Earlier this week, Councilmember Anita Bonds introduced the Rental Housing Late Fee Fairness Amendment Act. Legal Aid is delighted to support this Bill, which provides critical protections for tenants in the District of Columbia and addresses many situations with which our clients frequently struggle.
Legal Aid’s housing attorneys frequently represent clients facing significant difficulties, including the risk of eviction, because of unfair late fee practices by landlords in the District. For example, tenants receiving rent subsidies are sometimes assessed late fees based on the subsidy provider’s failure to pay its portion of the rent. This means that a tenant with extremely low income, whose own tenant portion of the rent could be zero, could be assessed a $50 late fee for the subsidy provider’s failure to pay its portion of the rent. Furthermore, a tenant whose own portion of the rent is only $25 could, by being just one day late in paying that rent, face a $50 late fee. Tenants who do not receive subsidies also often face unfair late fees. For example, a tenant whose rent is $1000 who comes up short one month and pays only $990 could face a late fee of $50 – a sum disproportionate to the $10 that are actually late.
In addition, many landlords abuse an accounting practice in which they apply all payments to the last outstanding payment in order to charge late fees upon late fees. For example, if a tenant pays his January rent in full, but two days late, he may be assessed a $50 late fee. If he then pays February on time and in full, but does not pay the $50 late fee imposed in January, the landlord will often then charge another $50 late fee in February, and so on moving forward. This puts the tenant perpetually in debt and at risk of eviction. It also creates unnecessary confusion for tenants who are paying their rent and yet still are getting further and further behind each month.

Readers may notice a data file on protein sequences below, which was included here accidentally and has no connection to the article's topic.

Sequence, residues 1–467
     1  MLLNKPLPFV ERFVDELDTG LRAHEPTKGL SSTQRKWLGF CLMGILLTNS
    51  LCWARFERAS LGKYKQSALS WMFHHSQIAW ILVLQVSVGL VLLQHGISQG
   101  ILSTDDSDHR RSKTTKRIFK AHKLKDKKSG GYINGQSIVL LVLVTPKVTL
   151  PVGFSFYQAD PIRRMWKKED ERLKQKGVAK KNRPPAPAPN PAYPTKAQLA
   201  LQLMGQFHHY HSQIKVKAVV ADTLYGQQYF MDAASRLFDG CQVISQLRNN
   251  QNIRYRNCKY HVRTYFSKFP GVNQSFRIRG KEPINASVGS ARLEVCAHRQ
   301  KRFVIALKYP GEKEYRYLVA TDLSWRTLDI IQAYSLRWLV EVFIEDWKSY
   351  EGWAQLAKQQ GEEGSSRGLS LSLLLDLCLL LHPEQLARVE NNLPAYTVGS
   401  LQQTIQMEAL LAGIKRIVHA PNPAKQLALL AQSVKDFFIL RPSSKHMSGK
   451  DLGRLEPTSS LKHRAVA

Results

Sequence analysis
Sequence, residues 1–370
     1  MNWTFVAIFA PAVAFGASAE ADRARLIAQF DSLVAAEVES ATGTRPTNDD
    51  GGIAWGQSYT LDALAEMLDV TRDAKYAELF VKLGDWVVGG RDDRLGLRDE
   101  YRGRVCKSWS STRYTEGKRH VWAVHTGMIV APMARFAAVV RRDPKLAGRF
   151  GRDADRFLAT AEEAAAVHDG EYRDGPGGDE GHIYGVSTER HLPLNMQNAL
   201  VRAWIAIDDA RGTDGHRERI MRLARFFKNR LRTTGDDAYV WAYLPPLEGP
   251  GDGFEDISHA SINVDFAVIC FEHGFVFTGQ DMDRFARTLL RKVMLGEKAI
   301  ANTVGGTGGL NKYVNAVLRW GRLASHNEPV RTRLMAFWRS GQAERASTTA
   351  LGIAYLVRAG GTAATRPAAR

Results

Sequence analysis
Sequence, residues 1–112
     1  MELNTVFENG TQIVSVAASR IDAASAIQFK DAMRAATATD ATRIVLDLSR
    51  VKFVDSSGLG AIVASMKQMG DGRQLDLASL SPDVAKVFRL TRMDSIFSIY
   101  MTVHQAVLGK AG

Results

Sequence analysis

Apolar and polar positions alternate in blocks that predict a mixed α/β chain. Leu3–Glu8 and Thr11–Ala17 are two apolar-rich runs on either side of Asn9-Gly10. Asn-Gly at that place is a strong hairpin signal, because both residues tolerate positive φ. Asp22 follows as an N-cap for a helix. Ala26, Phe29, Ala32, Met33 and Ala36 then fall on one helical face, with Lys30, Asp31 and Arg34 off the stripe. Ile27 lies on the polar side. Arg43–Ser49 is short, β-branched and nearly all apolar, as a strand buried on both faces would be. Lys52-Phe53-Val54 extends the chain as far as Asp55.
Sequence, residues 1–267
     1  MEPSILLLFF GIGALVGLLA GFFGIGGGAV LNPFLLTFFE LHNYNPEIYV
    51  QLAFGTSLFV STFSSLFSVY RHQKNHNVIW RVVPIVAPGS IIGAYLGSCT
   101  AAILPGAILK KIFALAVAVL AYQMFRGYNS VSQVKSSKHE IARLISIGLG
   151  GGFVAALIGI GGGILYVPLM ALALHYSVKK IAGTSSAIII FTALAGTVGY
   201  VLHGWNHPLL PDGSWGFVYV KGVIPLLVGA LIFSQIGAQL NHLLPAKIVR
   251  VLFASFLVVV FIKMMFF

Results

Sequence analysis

The Bill introduced by Councilmember Bonds would address each of the injustices described above. First, the Bill will limit late fees to a maximum of 5% of any amount due and unpaid from the tenant. This means that the tenant who comes up $10 short in rent one month will be charged only fifty cents in late fees – an amount proportionate to the actual late payment. In addition, this provision would prevent the landlord from charging the tenant a late fee when a subsidy provider – through no fault of the tenant – fails to make its payments to the landlord.
In addition, the Bill limits landlords to charging the late fee only in the month in which the payment is actually late. This provision provides tenants with protection from the currently common vicious cycle of late fees upon late fees, burdening tenants with unfair debts for a simple inability to pay one month of rent on time.
Finally, the Bill provides important remedies that we hope will encourage compliance with the law even in cases in which a tenant is unable to connect with an attorney and enforce their rights in court. By providing for treble damages (to be paid to the tenant) when a landlord violates the late fee laws in bad faith, this Bill communicates to landlords that the city expects, and demands, full compliance with the law. This provision should also deter landlords from bringing eviction cases based on unlawful late fees, protecting tenants from unnecessary litigation and stains on their rental histories.
In our December 2015 testimony regarding the Residential Lease Amendment Act of 2015, Legal Aid described many of the problems with the current late fee practices of many District landlords. Legal Aid is grateful that the Council heard this testimony and took action to address these problems. We look forward to a hearing on the Rental Housing Late Fee Fairness Amendment Act and to supporting the Bill as it moves through the Council process and hope that its crucial tenant protections will become District law.